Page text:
In an attempt to control the invasive light brown apple moth, which experts say may threaten the region's agriculture, officials have worked out a plan to begin nighttime spraying of farm pesticides over urban San Francisco, Marin County and the East Bay. This has many residents very concerned about public health and safety.
Already, hundreds of people whose homes and yards were sprayed in Santa Cruz and Monterey counties from September to December have filed reports that said the pesticide seems to have caused coughing, wheezing, muscle aches and headaches, among other symptoms, reports the San Francisco Chronicle. One family reported that a child had a first-time asthma attack.
State officials claim the amount of chemicals in question shouldn't pose severe health risks, but they refused to rule out the possibility of effects on human beings. It is well known that some people can be more sensitive to pesticides, as well as other chemicals, especially the young, elderly and immune compromised -- so many are worried.
Spraying of the pesticide Checkmate is expected to begin in August, and may continue for as many as five years. That particular chemical has never been used over urban areas before. The EPA has not listed Checkmate as a chemical of concern, and has never set a maximum safety limit for the pesticide in food.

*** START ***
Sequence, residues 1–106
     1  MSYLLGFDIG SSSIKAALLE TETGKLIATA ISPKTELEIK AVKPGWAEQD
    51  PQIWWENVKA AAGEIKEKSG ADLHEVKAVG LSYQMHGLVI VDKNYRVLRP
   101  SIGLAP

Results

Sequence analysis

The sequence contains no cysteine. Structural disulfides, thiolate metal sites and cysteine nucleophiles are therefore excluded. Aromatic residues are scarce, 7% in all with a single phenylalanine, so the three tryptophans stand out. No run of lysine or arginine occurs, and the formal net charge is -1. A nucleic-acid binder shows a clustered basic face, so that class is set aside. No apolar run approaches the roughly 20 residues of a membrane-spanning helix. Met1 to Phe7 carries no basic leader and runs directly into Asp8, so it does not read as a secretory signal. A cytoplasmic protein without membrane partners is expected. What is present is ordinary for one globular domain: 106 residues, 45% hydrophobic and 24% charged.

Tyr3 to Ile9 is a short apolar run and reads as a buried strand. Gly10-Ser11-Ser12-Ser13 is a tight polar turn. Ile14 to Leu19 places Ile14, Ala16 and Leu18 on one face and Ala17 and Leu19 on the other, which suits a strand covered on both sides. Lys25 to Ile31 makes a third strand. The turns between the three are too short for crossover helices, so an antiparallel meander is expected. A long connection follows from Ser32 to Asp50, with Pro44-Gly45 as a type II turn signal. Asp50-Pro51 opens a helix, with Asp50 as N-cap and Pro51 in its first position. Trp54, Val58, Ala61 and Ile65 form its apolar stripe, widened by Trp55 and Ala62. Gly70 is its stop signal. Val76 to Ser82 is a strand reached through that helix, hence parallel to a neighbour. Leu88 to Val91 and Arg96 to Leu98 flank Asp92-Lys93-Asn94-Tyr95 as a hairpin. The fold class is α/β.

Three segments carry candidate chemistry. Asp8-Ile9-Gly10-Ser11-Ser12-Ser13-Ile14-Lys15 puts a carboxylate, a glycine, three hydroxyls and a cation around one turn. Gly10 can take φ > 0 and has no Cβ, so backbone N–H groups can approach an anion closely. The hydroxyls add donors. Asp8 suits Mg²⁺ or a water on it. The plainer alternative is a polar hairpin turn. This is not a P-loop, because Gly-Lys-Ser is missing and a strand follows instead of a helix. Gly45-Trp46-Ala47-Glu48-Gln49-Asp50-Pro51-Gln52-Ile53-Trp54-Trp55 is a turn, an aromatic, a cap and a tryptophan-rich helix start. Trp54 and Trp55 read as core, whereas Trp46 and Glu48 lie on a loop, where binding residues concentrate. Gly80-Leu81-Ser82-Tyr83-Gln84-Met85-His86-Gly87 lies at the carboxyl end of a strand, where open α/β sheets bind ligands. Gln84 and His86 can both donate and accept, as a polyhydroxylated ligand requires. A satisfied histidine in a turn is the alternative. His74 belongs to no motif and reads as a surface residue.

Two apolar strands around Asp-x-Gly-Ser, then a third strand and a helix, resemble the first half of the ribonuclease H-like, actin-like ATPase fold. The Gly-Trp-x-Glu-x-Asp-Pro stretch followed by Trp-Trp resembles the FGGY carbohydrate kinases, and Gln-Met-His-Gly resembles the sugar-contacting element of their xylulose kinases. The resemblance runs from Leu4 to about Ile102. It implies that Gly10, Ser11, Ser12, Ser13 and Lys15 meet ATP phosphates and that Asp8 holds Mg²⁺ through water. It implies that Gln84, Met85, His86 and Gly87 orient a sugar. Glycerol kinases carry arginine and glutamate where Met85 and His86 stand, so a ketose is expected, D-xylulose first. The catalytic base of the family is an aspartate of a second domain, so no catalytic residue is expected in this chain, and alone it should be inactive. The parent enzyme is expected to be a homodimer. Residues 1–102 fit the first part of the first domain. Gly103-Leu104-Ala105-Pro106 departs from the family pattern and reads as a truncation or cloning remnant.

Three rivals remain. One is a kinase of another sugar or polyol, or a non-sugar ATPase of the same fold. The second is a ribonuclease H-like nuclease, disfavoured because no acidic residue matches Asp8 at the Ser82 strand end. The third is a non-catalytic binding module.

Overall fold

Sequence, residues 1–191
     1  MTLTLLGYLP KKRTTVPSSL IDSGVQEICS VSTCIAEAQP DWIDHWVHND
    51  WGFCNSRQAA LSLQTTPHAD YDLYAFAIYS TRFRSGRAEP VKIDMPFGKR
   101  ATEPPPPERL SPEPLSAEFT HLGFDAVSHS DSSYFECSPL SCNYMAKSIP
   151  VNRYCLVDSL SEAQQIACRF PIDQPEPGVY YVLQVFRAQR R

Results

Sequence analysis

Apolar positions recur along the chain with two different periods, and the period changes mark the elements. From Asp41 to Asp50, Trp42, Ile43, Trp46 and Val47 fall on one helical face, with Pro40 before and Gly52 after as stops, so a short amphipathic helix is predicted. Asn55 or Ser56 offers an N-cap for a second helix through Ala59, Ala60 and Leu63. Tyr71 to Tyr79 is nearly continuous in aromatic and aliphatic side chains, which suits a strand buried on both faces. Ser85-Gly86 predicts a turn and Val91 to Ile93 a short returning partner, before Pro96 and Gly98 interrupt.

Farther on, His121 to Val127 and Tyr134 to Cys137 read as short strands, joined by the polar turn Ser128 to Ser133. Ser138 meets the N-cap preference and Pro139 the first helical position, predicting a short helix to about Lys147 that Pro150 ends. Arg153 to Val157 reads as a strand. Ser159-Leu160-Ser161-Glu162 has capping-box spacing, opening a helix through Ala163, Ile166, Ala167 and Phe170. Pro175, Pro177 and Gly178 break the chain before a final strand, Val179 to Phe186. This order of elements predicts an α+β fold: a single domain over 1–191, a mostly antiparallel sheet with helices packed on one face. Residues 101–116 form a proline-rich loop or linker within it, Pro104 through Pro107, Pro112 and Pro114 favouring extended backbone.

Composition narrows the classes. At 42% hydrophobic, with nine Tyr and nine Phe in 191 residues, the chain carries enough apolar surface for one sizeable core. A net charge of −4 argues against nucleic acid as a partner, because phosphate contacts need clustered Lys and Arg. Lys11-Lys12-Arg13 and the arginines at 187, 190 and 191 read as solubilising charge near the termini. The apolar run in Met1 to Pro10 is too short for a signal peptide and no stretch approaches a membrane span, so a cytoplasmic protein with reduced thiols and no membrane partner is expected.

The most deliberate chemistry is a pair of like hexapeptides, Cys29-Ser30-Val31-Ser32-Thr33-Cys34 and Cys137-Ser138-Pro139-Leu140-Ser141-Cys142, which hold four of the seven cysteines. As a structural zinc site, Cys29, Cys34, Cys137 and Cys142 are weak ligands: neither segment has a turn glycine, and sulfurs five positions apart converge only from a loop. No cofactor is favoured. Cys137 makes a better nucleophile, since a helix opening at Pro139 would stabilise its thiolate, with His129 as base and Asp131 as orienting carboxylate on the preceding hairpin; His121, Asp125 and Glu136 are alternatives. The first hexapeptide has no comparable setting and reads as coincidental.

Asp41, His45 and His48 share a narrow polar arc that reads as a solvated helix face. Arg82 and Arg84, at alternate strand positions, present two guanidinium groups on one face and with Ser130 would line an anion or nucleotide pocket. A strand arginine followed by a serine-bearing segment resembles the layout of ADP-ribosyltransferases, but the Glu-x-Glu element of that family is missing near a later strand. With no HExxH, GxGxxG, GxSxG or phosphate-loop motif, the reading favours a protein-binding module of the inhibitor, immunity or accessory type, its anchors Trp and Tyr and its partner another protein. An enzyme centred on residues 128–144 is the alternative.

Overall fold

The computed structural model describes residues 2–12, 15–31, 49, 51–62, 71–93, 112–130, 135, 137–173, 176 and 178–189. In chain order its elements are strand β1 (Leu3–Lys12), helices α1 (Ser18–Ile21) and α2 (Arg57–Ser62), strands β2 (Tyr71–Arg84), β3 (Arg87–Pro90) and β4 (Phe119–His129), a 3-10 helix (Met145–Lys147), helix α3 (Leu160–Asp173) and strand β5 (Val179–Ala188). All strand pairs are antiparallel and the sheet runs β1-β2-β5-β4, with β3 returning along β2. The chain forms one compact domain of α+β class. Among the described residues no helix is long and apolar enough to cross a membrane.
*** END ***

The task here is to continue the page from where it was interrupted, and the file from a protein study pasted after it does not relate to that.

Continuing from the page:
An umbrella group has formed to oppose the spraying, called California Alliance to Stop the Spray, or CASS.
An import from Australia, the light brown apple moth attacks fruit trees and grapes, which are clearly important crops in California. So it's not surprising that officials would be under pressure to do something to stop it's spread. Much of the funding for the spraying is being provided by the federal government. But that makes one wonder, is it sound policy to use taxpayer money to blanket communities with pesticides? Checkmate certainly isn't the most toxic tool on the shelf, by a long shot, but early reports should provide cause for concern.
The best medicine for these kinds of battles has got to be preventing the spread of harmful invasive species in the first place. The march of globalization is upsetting already stressed ecosystems, and we need to take more care to reduce introduction of pests that can ravage new terrain. Due to rapid resistance building, chemical pesticides are never long-term solutions anyway when it comes to most threats.
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